Months of assaults including slaps, punches, and kicks on a seven-year-old boy have brought a sentence of community detention and 150 hours of community work for a 37-year-old Christchurch man.
The victim was left “a confused and frightened young boy”, according to a psychologist’s report to the Christchurch District Court ahead of the sentencing of Samuel David Anderson, a driver, from Broomfield.
Anderson will be on community detention for four months and supervision for nine months, when he must attend a family violence programme and a parenting course as directed.
The boy was not his son but lived at the same address with his own father. Judge John Strettell noted that the result of the series of the incidents was that the boy had to be moved away from his father at the address because the child could not stay at the household.
Anderson pleaded guilty to charges of assaulting the child on February 5, and during April, and a representative charge of a series of assaults between January and April.
Defence counsel Paul Johnson said Anderson was very remorseful, and had pleaded guilty immediately. He had no previous convictions for violence and the offending was “an aberration”.
“He simply lost the plot with the young victim’s behaviour,” said Mr Johnson.
Judge Strettell said Anderson became frustrated and angry with the child over an incident on a trampoline on February 5, and held him by the clothing, shouted at him, squeezed his nose, and slapped him once on the head. He slapped him again in a similar incident on April 15. The child received minor injuries to his forehead, but no treatment was needed.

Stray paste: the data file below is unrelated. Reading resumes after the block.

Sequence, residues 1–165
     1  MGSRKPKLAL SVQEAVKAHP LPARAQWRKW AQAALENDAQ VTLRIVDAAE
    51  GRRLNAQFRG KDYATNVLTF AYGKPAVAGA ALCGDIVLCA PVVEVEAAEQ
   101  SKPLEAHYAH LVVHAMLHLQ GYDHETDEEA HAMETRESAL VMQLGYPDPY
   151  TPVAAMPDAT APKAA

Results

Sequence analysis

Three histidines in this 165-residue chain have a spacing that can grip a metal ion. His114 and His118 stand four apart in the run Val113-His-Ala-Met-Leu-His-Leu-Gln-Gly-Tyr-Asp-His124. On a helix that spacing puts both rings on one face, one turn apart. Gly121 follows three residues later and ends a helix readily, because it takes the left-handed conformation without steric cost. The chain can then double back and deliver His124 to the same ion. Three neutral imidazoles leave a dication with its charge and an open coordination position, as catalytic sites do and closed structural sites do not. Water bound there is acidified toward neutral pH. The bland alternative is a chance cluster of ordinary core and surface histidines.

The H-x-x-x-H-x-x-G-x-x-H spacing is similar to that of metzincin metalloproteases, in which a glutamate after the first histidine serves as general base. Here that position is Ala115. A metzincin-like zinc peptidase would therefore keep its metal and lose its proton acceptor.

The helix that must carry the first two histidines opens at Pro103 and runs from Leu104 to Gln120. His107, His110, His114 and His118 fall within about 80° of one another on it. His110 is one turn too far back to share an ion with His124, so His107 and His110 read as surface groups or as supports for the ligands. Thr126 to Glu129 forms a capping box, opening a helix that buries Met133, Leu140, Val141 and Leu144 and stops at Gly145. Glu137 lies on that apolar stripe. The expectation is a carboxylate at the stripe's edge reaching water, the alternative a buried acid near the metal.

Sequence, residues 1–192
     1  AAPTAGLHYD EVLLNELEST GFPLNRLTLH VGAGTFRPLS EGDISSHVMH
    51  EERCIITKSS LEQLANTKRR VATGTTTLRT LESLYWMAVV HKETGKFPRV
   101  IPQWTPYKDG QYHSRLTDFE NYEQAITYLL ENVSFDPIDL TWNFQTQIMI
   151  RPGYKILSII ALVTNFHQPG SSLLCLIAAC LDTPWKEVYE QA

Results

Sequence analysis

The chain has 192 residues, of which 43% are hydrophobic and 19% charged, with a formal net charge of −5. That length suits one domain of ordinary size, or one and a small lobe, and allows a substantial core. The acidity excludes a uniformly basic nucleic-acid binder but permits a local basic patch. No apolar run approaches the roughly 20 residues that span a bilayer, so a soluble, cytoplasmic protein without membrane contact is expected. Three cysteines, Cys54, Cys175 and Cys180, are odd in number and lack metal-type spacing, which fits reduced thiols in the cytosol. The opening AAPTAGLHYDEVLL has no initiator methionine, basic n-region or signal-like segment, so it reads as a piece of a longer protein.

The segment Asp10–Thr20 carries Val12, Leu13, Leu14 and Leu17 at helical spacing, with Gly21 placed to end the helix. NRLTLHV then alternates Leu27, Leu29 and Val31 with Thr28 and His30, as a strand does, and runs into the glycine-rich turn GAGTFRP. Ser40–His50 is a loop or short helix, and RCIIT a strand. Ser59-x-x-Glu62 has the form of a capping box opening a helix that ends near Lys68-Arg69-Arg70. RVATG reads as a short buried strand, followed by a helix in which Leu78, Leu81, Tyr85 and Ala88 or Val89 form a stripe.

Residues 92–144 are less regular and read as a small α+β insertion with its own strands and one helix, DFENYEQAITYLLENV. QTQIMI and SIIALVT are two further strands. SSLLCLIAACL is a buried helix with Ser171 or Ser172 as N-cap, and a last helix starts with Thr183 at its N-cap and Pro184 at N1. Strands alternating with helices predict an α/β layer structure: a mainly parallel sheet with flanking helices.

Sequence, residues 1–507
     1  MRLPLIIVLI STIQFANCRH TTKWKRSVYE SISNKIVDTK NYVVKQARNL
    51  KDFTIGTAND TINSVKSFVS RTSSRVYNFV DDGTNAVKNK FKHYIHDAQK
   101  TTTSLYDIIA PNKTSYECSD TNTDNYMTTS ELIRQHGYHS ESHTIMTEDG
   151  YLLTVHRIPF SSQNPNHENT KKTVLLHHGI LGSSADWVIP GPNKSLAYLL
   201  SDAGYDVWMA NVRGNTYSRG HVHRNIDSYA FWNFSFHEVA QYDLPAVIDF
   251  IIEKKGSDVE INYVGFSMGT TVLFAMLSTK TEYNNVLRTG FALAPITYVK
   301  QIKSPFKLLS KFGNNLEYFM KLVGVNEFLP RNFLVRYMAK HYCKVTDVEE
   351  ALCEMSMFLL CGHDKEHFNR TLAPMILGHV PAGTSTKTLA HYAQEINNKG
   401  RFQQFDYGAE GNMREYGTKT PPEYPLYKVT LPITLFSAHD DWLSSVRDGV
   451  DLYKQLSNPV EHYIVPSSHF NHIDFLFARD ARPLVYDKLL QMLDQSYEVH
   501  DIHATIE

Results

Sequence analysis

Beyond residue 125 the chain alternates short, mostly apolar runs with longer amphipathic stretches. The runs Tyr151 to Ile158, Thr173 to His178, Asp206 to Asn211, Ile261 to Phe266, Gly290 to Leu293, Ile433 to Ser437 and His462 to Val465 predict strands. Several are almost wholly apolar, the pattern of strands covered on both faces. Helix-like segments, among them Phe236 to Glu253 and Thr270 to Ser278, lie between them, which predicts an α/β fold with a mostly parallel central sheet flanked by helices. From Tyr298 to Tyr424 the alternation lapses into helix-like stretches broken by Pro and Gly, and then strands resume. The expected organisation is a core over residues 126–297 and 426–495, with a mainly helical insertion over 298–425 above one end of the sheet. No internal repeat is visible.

The police investigation revealed there had been regular and sustained assaults since January, accompanied by “verbal outbursts”.
Anderson would get the boy to stand in front of him as he sat in a chair. He told the boy to look him in the eye and if he looked away Anderson would punch or slap him on the head, body, face and arms. He would use enough force to make a child fall over and cry.
He would also give the child chores to do. Later in the day he would make him stand in front of him when he asked about the chores. When the boy replied, “I don’t know,” when asked about what he had been told to do, Anderson would slap or punch him.
On other occasions he would slap the boy on his bottom or legs. The child received bruising on his chest, arms, and legs.
Anderson told the police he had become frustrated by the child’s behaviour and had “lost control and overstepped the mark”. He admitted yelling obscenities at the boy, and at other children who annoyed him.
He admitted smacking and kicking him several times, causing him to cry out.
Judge Strettell said the offending would have undoubtedly had a serious and adverse effect on the boy. He described it as a breach of a relationship of trust. The behaviour “might barely have been accepted as a community standard 50 years ago, but certainly not now.”
It was serious, premeditated and prolonged violent conduct.
“You went right over the top and treated this child in a way that was not only highly inappropriate but was clearly criminal,” said the judge.
He noted that Anderson was remorseful and had already begun attending counselling.